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— much of the coastline has been damaged. maya bay, the setting for the leonardo di caprio movie the beach, has been closed indefinitely since nearly all the coral there died. our south east asia correspondent jonathan head has had access, just to see how it's recovering. from the air, its beauty is breathtaking. sheer limestone towers soaring out of an impossibly turquoise sea. a landscape so dazzling, it starred in a hollywood movie. but the movie brought fame and popularity, so that the famous beach began to be crushed under the weight of visitors, numbering thousands each day. before we crossed the maya bay, sometimes there were more than 200 boats inside the bay, this small bay that you see. it didn't look like a bay, it looked like a floating market or something like that. this turf, the sand area,
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some of them were anchoring in the coral. so all of them made the coral in maya bay in a very serious condition. so what's it like now, eight months after they closed it? i took a boat ride to the islands to find out. tourists can still come to the mouth of maya bay, but their only view of the beach is a distant one. this group is from israel. dumai and the fact that you cannot go and see the fact that you cannot go and see the beach? i think it is better -- do you mind.
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we followed a team from the national parks department who had come to see how well the marine life is recovering. so we are about to go into the water here at maya bay. this is one of the divers who is checking on the health of the coral that they've replanted in here ever since they shut it down. mostly we saw only dead and broken coral. this is the damage done by years of uncontrolled tourism. the new coral is embedded back in the bay floor. it will need many years to mature. but already, there are visible improvements. we have 60 sharks, a nursery, and at least three mother sharks have given birth in the bay. the sudden closure at this region's most famous tourist attraction has not been popular with local entrepreneurs. they agreed that there were too many visitors, but not with the response.
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translation: at the beginning, we were affected by some cancellations, and it doesn't help our image that we haven't got a consistent policy. there is no clear timeframe for reopening it all when it has enough coral. the initial closure was forfour months. now, it's indefinite. there is a plan for the boats to dock on the other side of the island for tourists to walk to the beach. in truth, no one really knows how to balance the preservation of this fragile landscape with the desire of millions to see it. jonathan head, bbc news, maya bay, southern thailand. the fashion world is mourning a major loss. the designer karl lagerfeld has died in paris, after a short illness. the creative director for chanel and fendi was known for iconic designs, a sharp wit and his own very personal style. he was coy about his age —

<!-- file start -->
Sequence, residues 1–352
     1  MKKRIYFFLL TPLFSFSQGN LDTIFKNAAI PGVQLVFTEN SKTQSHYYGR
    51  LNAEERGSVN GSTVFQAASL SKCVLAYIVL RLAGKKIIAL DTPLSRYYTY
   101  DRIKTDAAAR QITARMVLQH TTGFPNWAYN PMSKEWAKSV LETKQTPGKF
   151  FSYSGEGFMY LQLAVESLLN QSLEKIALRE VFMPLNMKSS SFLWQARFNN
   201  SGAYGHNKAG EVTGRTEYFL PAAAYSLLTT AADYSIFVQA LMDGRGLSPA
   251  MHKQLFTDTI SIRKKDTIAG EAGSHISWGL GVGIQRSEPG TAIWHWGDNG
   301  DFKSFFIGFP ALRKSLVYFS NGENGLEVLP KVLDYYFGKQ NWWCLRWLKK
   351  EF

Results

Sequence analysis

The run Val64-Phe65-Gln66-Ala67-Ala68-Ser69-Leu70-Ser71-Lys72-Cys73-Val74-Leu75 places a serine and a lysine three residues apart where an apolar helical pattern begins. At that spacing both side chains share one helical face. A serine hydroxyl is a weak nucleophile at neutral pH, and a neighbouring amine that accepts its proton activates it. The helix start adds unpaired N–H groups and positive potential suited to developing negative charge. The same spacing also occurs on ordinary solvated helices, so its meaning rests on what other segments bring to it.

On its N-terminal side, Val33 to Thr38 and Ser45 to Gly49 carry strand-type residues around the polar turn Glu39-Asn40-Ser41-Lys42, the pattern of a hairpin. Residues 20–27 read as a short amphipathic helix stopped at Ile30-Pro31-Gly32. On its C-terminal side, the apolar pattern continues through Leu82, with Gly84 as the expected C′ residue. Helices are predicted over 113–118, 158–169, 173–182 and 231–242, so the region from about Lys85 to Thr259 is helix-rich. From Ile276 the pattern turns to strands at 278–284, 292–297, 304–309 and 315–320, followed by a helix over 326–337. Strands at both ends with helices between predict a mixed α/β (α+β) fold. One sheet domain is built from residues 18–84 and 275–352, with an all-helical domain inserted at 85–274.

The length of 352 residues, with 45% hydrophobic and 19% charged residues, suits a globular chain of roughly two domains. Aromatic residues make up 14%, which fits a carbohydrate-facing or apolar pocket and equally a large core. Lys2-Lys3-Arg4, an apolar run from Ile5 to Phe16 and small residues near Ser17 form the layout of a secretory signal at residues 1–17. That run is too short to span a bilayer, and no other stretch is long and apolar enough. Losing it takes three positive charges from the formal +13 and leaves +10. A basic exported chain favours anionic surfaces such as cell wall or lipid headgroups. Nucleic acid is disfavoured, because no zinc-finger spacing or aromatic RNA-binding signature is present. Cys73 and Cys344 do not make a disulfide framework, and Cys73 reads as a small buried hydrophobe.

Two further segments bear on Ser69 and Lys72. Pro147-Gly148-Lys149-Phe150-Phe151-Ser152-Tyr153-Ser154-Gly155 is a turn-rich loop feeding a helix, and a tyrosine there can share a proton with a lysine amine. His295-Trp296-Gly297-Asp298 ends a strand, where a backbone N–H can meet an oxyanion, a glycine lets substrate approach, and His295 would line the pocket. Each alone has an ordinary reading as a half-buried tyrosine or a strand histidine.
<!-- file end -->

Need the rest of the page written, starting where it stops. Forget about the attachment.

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his website says his year of birth was 1938 — most put him about five years older. our paris correspondent, lucy wiliamson, looks back at his life. in a world that worships brands, karl lagerfeld enjoyed the status ofa god. a workaholic with a sharp tongue and a brilliant eye for what would sell, he rescued the iconic fashion house chanel from its conservative tweed image, as well as turning out lines for fendi and his own label. his trademark dark glasses and white ponytail, in contrast to his lavish fashion shows and elaborate sets, including one year a full—scale beach reconstructed inside a paris gallery. ijust do what my inner voices tell me. i'm thejoan of arc of design.
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karl otto lagerfeld was born in germany, but moved to paris where he studied fashion alongside fellow student yves st laurent. for decades, they remained rivals in work, but where st laurent reinvented the classics, lagerfeld focused on modern, teaming up with high street fashion chain h&m in a bid to make his designs more accessible. and well before yellow vests became a protest symbol, lagerfeld was photographed wearing one for a road safety campaign. "it's yellow, it's ugly, it doesn't go with anything", the poster read, "but it could save your life". there were fears for karl lagerfeld's health earlier this year when he missed a show in paris. the last of a great generation of designers, his death marks the end of an era, notjust here at the labels where he worked, but across the fashion world. at london fashion week today, the tributes came pouring in. you know, he'd say, this is how it's going to be or this is how it should be, and he always did things with such style.